Bio-Diversity Audit Complete

Following the bio-diversity audit carried out in partnership with Natural England across the Rural Surveys between 2016 and 2018 all habitats have now been successfully identified, mapped and quantified. The resultant data allows for strategic oversight of each of the Rural Surveys as well as details of the characteristics of each estate including detailed evidence of the habitats currently in situ on each of our agricultural holdings.

A database of all habitats and features present on the holdings has been created including reporting on hedgerows, overgrown historic boundary cams, field corners, wild bird mixes, pollen and nectar mixes, scrub, species-rich grassland, field margins, watercourses, ponds, and woodland. Working with tenant farmers across the estates and continuing its tripartite partnership with Natural England and the Game and Wildlife Conservation Trust the Duchy is formulating site-specific plans to protect vulnerable habitats for wild pollinators and other priority species in both the immediate and longer term.

Commenting on the investigative phase of the project, Duchy Head of Rural Christopher Sparrow said: “This has been a significant piece of research and one that we could not have completed without the help and support of our partners and agricultural tenants. The key is for us to use this data to inform practical solutions which will help our farming tenants to protect and improve the biodiversity across our estates. By working together we are confident that we can ensure a sustainable ecological balance across the whole of our rural portfolio for the longer term.”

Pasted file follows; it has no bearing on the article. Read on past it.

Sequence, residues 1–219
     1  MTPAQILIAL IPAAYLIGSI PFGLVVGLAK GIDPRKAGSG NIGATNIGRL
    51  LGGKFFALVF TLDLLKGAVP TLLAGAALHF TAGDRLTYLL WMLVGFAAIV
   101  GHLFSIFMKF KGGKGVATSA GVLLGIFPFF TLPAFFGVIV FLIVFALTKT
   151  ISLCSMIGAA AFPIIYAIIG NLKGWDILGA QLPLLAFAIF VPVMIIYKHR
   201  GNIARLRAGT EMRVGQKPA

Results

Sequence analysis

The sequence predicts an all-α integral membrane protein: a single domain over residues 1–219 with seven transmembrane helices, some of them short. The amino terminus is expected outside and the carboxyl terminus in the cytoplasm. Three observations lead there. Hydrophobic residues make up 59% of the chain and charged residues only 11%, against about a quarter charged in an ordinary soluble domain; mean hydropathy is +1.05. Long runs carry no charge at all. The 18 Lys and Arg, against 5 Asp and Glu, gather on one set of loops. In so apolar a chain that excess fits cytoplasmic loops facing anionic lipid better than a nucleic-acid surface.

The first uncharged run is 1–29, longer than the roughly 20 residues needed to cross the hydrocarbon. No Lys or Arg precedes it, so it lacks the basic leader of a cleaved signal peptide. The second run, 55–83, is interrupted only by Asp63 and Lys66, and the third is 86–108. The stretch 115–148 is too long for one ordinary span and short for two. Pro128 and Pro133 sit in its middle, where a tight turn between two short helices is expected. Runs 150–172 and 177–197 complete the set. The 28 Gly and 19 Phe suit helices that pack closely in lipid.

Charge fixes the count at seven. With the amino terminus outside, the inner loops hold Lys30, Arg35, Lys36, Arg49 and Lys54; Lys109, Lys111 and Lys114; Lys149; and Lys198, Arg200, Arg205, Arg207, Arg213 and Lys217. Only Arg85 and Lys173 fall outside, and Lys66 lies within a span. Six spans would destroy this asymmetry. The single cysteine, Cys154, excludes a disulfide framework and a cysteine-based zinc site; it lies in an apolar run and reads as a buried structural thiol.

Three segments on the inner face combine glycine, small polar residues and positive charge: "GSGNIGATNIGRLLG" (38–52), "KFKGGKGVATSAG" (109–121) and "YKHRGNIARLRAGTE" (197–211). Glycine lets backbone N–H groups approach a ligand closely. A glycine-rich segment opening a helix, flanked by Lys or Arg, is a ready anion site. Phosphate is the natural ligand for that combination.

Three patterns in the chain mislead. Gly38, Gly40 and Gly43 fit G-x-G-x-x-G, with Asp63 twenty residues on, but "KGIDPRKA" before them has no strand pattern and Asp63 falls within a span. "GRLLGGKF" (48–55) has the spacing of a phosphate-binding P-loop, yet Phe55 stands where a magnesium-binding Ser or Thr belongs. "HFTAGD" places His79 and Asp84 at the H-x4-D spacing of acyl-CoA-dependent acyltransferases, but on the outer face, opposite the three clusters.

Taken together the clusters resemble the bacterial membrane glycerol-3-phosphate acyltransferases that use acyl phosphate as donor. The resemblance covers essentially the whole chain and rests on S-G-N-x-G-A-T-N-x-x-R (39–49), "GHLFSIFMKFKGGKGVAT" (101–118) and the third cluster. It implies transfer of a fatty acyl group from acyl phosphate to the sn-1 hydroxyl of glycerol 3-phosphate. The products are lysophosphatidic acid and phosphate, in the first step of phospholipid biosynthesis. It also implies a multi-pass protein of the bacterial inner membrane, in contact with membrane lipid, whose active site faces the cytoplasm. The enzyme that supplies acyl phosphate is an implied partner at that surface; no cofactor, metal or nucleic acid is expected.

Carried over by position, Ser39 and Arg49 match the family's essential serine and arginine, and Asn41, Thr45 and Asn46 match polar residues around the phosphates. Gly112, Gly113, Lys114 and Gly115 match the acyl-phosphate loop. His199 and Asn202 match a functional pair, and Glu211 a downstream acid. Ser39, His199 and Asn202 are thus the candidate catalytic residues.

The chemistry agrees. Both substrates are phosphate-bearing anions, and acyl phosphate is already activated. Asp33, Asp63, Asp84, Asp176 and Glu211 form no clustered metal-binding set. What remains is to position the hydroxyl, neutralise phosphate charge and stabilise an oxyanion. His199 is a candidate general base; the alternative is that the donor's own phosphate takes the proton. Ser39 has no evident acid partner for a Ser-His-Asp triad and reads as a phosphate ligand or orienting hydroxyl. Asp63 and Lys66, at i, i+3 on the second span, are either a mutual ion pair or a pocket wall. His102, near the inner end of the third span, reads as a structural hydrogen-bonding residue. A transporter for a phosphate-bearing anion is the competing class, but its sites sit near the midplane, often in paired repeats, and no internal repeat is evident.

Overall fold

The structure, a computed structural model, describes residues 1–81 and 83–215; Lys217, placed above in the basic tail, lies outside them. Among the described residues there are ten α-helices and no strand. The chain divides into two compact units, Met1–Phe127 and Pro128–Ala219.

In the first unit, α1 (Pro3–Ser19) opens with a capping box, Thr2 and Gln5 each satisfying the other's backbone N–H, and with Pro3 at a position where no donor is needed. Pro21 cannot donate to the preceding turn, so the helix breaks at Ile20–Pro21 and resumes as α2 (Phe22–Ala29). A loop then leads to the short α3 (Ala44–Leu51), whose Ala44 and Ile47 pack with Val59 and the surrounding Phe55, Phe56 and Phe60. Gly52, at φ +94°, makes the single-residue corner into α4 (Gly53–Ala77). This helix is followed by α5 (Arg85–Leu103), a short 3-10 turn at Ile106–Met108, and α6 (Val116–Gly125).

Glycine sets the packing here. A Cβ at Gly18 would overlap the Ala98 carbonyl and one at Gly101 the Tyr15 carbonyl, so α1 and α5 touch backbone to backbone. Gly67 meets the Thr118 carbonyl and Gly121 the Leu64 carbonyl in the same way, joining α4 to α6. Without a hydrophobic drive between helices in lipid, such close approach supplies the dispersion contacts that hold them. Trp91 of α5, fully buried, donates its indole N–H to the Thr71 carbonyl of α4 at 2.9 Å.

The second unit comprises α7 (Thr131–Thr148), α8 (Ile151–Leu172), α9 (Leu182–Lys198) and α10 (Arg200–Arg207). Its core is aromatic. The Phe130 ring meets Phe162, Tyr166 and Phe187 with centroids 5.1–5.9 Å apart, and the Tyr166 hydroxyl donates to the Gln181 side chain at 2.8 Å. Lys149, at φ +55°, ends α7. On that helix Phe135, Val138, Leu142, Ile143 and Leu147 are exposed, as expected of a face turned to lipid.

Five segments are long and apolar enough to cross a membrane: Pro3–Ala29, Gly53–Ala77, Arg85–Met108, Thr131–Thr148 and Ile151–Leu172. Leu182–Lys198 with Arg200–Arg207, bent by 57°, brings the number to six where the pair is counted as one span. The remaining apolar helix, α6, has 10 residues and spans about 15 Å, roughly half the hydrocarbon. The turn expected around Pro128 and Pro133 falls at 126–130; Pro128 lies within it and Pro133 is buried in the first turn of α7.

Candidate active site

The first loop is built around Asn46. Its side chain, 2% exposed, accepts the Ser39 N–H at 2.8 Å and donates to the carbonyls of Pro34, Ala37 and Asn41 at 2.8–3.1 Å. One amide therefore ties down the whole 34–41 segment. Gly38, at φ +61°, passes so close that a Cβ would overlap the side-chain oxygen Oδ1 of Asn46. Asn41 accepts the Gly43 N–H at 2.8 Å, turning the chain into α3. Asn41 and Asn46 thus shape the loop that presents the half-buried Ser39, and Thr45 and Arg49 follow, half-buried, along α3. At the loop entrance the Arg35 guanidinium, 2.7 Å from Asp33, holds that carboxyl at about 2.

160 farming units and over 12,000 hectares of land have been visited, investigated and documented as part of the audit over the past 2 years and each individual holding has received its own list of site characteristics and ‘habitat analysis’ in the form of a detailed environmental datasheet. Next steps will include a series of tenant workshops to share best practice and a number of Countryside Stewardship applications from farming tenants across the Surveys.

The Duchy of Lancaster is an ancient inheritance of land and property assets held in trust for the Sovereign. Founded in the 13th century the Duchy’s rural holdings across England and Wales are administered by Survey namely Cheshire, Lancashire, Staffordshire, Southern and Yorkshire.

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Burholme Lamb Launched In Whitewell

One of our long-standing Duchy tenants is once again putting Lancashire on the culinary map of the UK after opening a dedicated butchery service which guarantees the quality of their produce at every stage of the process.

The Spence family has been breeding and rearing sheep and cattle at Burholme Farm on the Duchy’s Whitewell estate for over 50 years. The current tenant Rod Spence took over the farm in 1989, 27 years after his father first took on the tenancy from the Duchy. In 1999, Rod extended his lease to include a total of 293 hectares, allowing him to grow his business and accommodate his growing flock of Lonks, an ancient and hardy breed native to Lancashire. He is currently Chairman of The Lonk Sheep Breeders Association, a not for profit organisation that seeks to protect and promote the breed nationwide.